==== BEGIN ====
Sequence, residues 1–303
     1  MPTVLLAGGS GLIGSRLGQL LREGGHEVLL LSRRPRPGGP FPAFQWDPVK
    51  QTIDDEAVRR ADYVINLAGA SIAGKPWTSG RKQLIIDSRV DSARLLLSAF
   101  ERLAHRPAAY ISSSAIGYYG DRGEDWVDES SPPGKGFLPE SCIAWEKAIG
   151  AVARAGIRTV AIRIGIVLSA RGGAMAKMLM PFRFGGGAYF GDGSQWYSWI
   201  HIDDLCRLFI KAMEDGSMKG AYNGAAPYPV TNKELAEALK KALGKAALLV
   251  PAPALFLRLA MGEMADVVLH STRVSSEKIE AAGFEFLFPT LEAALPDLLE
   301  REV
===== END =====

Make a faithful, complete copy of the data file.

Sequence, residues 1–303
     1  MPTVLLAGGS GLIGSRLGQL LREGGHEVLL LSRRPRPGGP FPAFQWDPVK
    51  QTIDDEAVRR ADYVINLAGA SIAGKPWTSG RKQLIIDSRV DSARLLLSAF
   101  ERLAHRPAAY ISSSAIGYYG DRGEDWVDES SPPGKGFLPE SCIAWEKAIG
   151  AVARAGIRTV AIRIGIVLSA RGGAMAKMLM PFRFGGGAYF GDGSQWYSWI
   201  HIDDLCRLFI KAMEDGSMKG AYNGAAPYPV TNKELAEALK KALGKAALLV
   251  PAPALFLRLA MGEMADVVLH STRVSSEKIE AAGFEFLFPT LEAALPDLLE
   301  REV